• joepastry says:

          That’s a good idea. Tomorrow’s recipe is along the same lines. Another pumpkin preparation that barely tastes like squash.

          More then!

          - Joe

  3. Ann P. says:

    Sounds like an awesome down-to-earth recipe that would be great to give to my new neighbors for Thanksgiving :)

  4. This looks incredible! Thanks for sharing!

  5. Silivu says:

    I’ve noticed the same thing with zucchini bread (and other cookie recipes for that matter)… 1 whole teaspoon of baking soda… and (apparently) no acidic ingredient…
    So sometimes I substitute the b.s. with b.p. (with the necessary adjustments), sometimes I don’t. I unfortunately I have never had the chance of a side-by-side taste test since I’m a disaster at planning out my baking, not to mention that every time I do quick-breads I end up twisting the recipe adding some other spice, vegetable or whatever the fridge or pantry need to get ridden of.
    Do you have any insight into this matter?

    • joepastry says:

      Hey Silviu,

      Pumpkin is actually acidic enough in this quantity to create the needed reaction, but there’s nothing wrong with baking powder, just make sure to at least triple the quantity to get the right texture ( 1 1/2 teaspoons in this case….2 teaspoons would probably not be excessive). There will be slightly different taste, but nothing objectionable.

      - Joe

  6. Karen says:

    I initially came to your site because I wanted to figure out what was wrong with my pumpkin bread recipe. Not just any pumpkin bread, but the *family* pumpkin bread, the one my grandma made frequently during the fall for our family gatherings in Chicago (NW Side) and which we kids all scarfed down as quickly as decorum allowed, the recipe for which she shared with me when I was a teenager interested in cooking and baking, and the recipe I managed to screw up by adjusting it over the years (usually to reflect the diet du jour) to the point of it having an off aftertaste that left it inedible as far as I was concerned (not everyone seemed to mind it).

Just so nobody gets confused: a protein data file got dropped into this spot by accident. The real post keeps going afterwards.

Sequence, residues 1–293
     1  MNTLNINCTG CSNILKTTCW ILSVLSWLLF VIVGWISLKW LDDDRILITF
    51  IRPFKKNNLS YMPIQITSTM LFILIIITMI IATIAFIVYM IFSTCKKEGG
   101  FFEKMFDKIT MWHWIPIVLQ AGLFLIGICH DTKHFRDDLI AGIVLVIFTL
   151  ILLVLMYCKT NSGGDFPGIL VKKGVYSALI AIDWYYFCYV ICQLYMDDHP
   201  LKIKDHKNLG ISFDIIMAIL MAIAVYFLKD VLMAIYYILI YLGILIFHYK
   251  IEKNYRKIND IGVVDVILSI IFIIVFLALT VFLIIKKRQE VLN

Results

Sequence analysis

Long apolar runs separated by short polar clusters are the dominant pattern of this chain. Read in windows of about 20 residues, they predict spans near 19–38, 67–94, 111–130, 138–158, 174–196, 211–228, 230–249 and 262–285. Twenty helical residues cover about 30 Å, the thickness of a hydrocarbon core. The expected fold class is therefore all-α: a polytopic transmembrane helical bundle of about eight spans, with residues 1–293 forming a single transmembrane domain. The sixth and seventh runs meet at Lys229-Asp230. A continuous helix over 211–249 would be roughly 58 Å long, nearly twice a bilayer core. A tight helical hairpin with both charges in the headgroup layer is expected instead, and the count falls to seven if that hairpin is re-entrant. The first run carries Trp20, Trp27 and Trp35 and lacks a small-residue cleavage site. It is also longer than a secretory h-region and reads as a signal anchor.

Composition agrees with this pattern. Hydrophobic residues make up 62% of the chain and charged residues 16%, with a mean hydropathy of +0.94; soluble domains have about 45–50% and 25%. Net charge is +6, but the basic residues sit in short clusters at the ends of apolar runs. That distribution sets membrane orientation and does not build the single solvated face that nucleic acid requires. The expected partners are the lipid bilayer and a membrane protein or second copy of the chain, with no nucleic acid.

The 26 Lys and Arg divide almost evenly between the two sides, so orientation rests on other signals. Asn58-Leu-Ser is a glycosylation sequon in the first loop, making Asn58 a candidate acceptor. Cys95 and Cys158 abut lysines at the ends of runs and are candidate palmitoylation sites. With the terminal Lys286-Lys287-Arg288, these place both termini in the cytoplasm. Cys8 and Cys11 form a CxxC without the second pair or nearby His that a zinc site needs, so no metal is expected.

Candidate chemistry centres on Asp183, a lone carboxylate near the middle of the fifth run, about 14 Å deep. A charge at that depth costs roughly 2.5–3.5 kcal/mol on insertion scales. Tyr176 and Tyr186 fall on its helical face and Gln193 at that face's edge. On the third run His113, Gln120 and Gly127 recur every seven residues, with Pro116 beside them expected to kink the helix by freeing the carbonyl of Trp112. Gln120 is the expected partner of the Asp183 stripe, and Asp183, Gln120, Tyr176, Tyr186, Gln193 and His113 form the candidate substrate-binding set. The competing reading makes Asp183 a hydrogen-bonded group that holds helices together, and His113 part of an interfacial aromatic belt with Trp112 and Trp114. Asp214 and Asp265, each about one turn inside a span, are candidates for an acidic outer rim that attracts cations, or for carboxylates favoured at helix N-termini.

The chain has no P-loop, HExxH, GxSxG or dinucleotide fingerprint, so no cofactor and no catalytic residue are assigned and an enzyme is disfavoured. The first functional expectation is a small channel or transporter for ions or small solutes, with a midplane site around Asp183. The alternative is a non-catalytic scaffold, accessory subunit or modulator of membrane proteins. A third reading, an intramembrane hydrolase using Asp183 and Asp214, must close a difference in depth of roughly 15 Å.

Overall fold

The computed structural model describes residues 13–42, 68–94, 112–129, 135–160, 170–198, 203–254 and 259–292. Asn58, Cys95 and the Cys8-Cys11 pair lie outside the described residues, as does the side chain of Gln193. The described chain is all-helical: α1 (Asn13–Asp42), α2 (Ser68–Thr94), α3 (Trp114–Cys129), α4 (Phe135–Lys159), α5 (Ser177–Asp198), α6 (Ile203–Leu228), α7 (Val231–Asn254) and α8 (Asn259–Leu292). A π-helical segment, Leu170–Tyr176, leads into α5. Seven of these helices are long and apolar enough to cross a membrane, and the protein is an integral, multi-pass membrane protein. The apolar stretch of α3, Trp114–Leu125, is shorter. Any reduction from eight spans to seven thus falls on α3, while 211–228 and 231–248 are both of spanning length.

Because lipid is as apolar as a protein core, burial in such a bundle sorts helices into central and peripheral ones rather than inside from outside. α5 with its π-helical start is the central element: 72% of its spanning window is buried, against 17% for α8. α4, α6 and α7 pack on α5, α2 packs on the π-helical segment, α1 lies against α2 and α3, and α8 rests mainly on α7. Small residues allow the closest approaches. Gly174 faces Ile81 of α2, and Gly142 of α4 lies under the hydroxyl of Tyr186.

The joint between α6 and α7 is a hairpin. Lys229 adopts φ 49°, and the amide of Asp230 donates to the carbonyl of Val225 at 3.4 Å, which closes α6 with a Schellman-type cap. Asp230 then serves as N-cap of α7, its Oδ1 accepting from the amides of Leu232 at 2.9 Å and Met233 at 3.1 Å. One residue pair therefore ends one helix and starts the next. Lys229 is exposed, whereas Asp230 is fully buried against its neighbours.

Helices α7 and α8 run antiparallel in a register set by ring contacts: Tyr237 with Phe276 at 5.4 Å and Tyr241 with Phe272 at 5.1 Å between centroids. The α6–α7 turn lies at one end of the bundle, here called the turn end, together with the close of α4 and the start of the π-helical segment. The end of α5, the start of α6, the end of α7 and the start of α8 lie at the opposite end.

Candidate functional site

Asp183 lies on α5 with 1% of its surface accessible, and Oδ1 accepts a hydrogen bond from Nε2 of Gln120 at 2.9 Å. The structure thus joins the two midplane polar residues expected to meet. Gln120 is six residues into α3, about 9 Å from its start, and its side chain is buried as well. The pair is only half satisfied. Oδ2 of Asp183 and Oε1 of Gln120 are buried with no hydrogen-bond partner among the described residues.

Thank you for the explanation (elsewhere on your site) about the acid/base balance with baking powder and baking soda. Since my recipe is very similar to yours in terms of the flour, sugar (except I use 2 cups, you use 3), oil, eggs, pumpkin, etc., I adjusted the quantities of baking powder and soda to reflect those in your recipe, and am here to tell you, it was a resounding success!

    I divided the batter into two smaller loaves (7″ or so) and a dozen mini muffins because I am limited to small pans these days as that’s all that fits in the Easy Bake [read: toaster] oven that I’ve been reduced to using ever since old faithful Jenny the Jenn-Air went to the big oven in the sky. But I digress. The loaves and mini muffins were fantastic—moist, delicious, and best of all, no funky aftertaste. Yay!

    Thank you, Joe, for ‘giving’ me access once again to the pumpkin bread of my memories.